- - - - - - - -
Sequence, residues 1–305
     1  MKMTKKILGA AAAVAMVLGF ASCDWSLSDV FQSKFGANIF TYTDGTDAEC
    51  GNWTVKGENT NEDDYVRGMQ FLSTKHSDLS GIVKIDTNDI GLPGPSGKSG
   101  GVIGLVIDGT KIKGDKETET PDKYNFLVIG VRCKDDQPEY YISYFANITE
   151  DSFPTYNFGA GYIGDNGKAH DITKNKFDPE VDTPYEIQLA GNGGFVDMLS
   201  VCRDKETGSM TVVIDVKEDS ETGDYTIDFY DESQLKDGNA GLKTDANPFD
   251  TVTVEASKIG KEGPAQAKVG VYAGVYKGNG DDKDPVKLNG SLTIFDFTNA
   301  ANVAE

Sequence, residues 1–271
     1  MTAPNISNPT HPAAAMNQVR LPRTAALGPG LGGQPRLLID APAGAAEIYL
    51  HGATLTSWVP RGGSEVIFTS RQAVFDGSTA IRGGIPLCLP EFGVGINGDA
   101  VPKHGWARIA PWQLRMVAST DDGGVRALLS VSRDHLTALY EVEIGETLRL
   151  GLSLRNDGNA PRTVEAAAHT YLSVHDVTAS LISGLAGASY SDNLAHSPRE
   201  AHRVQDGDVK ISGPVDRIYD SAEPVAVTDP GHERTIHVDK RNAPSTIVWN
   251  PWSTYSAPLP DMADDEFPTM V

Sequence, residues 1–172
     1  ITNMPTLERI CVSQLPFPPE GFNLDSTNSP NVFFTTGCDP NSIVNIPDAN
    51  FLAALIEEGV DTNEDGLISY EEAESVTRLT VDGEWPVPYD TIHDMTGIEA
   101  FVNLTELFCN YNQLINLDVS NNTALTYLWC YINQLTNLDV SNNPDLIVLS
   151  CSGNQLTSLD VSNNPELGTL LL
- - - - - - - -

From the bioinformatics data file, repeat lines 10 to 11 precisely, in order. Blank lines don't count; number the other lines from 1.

     1  MTAPNISNPT HPAAAMNQVR LPRTAALGPG LGGQPRLLID APAGAAEIYL
    51  HGATLTSWVP RGGSEVIFTS RQAVFDGSTA IRGGIPLCLP EFGVGINGDA